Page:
In a victory for affirmative action advocates, the Supreme Court upheld the University of Texas's admissions criteria that takes an applicant's race into account. The case was brought by a white female applicant, Abigail Fisher, who was denied admission to the university in 2008 and claimed that the school's holistic "Personal Achievement Index" (which considered race as a factor in admissions) violated the Fourteenth Amendment's Equal Protection Clause.
The Court disagreed, saying schools are permitted "considerable deference" when seeking diversity in their student body. You can see the full opinion below.
A Percentage Preferred
The vast majority of University of Texas students are admitted under a strict Top Ten Percent Law, which offers admission to any student who graduates in the top ten percent from a Texas high school. The rest are considered for admission under a combination of the applicant's Academic Index and Personal Achievement Index, and it was the latter that was issue in this case.
Like many other school's admissions criteria, the Personal Achievement Index looked at a variety of factors, including essays, extracurricular activities, and "special circumstances":
"Special circumstances" include the socioeconomic status of the applicant's family, the socioeconomic status of the applicant's school, the applicant's family responsibilities, whether the applicant lives in a single-parent home, the applicant's SAT score in relation to the average SAT score at the applicant's school, the language spoken at the applicant's home, and, finally, the applicant's race.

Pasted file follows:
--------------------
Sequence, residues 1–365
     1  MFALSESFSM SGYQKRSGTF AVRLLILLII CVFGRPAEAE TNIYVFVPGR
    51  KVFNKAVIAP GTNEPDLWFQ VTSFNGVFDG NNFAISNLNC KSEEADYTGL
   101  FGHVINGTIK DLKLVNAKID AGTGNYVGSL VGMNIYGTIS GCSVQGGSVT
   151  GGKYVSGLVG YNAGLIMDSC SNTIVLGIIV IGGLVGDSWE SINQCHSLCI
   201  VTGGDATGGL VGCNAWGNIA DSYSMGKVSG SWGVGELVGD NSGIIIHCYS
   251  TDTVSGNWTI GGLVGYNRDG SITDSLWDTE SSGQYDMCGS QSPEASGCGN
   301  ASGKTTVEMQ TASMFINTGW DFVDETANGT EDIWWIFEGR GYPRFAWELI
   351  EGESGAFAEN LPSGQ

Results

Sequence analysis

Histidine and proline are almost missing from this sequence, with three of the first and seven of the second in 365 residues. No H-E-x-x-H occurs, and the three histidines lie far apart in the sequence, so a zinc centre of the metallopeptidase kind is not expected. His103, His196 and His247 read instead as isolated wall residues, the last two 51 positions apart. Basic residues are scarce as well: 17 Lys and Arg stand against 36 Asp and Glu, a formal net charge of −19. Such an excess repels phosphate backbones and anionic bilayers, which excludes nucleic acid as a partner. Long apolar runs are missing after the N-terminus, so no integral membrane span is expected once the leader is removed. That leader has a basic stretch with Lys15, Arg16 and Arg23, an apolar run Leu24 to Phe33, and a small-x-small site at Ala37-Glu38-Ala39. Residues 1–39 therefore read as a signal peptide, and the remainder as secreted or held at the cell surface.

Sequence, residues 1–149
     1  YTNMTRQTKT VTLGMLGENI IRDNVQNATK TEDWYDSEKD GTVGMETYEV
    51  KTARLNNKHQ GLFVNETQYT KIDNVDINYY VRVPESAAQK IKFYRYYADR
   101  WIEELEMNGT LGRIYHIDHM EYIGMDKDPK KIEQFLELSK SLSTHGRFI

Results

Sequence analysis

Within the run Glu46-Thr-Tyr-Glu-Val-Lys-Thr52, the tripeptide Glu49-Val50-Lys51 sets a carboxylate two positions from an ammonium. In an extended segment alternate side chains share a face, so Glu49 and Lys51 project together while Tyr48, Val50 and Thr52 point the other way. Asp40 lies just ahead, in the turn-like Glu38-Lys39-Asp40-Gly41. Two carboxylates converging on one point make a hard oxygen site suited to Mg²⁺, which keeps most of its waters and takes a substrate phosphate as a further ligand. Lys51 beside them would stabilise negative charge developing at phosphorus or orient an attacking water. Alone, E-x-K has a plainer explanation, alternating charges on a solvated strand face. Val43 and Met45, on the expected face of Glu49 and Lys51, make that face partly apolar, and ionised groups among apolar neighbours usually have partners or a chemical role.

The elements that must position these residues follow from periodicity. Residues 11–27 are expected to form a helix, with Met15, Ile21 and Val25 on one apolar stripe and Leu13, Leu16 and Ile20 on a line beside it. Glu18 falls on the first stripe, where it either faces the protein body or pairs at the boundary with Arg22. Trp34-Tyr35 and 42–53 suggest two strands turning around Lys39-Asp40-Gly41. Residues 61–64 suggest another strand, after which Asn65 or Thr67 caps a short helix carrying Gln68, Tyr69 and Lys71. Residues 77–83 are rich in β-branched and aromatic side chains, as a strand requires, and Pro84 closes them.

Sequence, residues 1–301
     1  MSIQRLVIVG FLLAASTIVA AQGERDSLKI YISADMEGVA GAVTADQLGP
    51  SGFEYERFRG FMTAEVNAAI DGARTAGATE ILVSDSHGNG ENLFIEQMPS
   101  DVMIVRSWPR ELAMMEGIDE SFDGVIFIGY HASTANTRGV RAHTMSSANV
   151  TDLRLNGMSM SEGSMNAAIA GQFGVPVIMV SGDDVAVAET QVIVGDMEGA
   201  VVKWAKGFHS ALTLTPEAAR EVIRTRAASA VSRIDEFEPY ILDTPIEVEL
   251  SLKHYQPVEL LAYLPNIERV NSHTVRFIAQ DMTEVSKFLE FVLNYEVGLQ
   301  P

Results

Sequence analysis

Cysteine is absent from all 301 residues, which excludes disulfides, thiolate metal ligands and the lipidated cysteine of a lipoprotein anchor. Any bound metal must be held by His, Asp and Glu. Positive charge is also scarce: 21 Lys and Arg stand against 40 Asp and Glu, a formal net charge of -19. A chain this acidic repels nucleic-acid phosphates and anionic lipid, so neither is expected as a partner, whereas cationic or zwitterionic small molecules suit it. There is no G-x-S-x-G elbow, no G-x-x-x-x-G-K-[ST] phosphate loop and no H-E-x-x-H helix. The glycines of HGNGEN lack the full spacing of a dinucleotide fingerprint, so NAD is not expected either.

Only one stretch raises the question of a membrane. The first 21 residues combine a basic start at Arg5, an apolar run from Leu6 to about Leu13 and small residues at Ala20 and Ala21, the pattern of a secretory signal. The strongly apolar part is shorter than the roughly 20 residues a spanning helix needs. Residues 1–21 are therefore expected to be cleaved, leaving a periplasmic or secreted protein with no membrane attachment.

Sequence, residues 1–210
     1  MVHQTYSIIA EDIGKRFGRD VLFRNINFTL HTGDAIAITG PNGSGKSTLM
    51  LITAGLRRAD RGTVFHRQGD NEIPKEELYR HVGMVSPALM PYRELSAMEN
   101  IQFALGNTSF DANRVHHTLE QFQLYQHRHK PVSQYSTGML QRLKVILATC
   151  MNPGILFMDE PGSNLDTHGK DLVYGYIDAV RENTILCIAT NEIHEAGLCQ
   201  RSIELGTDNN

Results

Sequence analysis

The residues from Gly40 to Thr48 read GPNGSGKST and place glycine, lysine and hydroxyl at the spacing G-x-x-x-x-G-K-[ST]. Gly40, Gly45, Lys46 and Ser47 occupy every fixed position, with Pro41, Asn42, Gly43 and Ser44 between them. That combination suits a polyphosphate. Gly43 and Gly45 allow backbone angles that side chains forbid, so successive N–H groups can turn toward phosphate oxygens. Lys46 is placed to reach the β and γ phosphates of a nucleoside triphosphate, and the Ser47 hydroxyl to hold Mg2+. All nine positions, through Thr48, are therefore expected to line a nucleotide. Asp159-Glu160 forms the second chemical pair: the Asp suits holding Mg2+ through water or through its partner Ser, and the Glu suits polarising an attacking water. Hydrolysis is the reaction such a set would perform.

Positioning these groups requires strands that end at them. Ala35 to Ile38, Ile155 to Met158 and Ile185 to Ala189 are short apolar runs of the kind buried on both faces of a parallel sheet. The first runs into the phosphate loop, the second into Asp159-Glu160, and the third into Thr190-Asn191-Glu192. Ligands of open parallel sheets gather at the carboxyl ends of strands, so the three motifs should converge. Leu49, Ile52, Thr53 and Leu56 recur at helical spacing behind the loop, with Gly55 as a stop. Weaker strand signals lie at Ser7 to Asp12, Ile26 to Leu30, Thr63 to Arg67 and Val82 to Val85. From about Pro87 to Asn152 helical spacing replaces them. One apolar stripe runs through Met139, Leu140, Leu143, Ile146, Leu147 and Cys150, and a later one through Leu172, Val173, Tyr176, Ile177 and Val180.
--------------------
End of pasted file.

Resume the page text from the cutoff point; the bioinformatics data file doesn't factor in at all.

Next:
Fisher, who did not gain automatic entry under the Ten Percent Law, claimed that taking race into account in order to maintain diversity on campus unfairly disadvantaged Caucasian applicants, essentially treating them unequally under the law.
An Enduring Challenge
The Supreme Court ruled in the school's favor, however, voting 4-3 to uphold the race-conscious program. (The vacancy left by Justice Scalia's death has yet to be filled and Justice Kagan recused herself based on her prior work on the case.) Justice Anthony Kennedy wrote the majority opinion, marking a shift in his prior stance on affirmative action, and found that: (a) the school had a need to create and maintain racial diversity in the student body; (b) prior, race-neutral policies had been ineffective in achieving that diversity goal; and (c) the program was narrowly tailored to affect only a small portion of the school's incoming students.
"It remains an enduring challenge to our Nation's education system," Kennedy wrote, "to reconcile the pursuit of diversity with the constitutional promise of equal treatment and dignity." He concluded that schools must be able to use racial diversity data "to scrutinize the fairness of its admissions program; to assess whether changing demographics have undermined the need for a race-conscious policy; and to identify the effects, both positive and negative, of the affirmative-action measures it deems necessary."
You can find his full opinion, and Justice Alito's dissent, below: